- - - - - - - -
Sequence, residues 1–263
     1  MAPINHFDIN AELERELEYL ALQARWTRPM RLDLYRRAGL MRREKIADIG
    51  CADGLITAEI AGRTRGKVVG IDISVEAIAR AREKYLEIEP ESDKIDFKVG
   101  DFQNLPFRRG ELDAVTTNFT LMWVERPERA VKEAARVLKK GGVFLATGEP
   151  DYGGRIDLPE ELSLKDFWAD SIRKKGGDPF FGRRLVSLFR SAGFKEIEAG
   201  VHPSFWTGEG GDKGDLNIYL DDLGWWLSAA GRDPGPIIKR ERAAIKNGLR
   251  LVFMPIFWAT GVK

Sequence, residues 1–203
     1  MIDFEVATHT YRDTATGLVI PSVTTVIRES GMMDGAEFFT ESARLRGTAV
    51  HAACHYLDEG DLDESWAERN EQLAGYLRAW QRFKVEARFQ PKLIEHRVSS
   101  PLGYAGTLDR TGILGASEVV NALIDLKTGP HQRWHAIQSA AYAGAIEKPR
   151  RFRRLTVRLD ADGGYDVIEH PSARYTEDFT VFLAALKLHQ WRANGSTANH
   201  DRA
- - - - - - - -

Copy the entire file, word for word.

Sequence, residues 1–263
     1  MAPINHFDIN AELERELEYL ALQARWTRPM RLDLYRRAGL MRREKIADIG
    51  CADGLITAEI AGRTRGKVVG IDISVEAIAR AREKYLEIEP ESDKIDFKVG
   101  DFQNLPFRRG ELDAVTTNFT LMWVERPERA VKEAARVLKK GGVFLATGEP
   151  DYGGRIDLPE ELSLKDFWAD SIRKKGGDPF FGRRLVSLFR SAGFKEIEAG
   201  VHPSFWTGEG GDKGDLNIYL DDLGWWLSAA GRDPGPIIKR ERAAIKNGLR
   251  LVFMPIFWAT GVK

Sequence, residues 1–203
     1  MIDFEVATHT YRDTATGLVI PSVTTVIRES GMMDGAEFFT ESARLRGTAV
    51  HAACHYLDEG DLDESWAERN EQLAGYLRAW QRFKVEARFQ PKLIEHRVSS
   101  PLGYAGTLDR TGILGASEVV NALIDLKTGP HQRWHAIQSA AYAGAIEKPR
   151  RFRRLTVRLD ADGGYDVIEH PSARYTEDFT VFLAALKLHQ WRANGSTANH
   201  DRA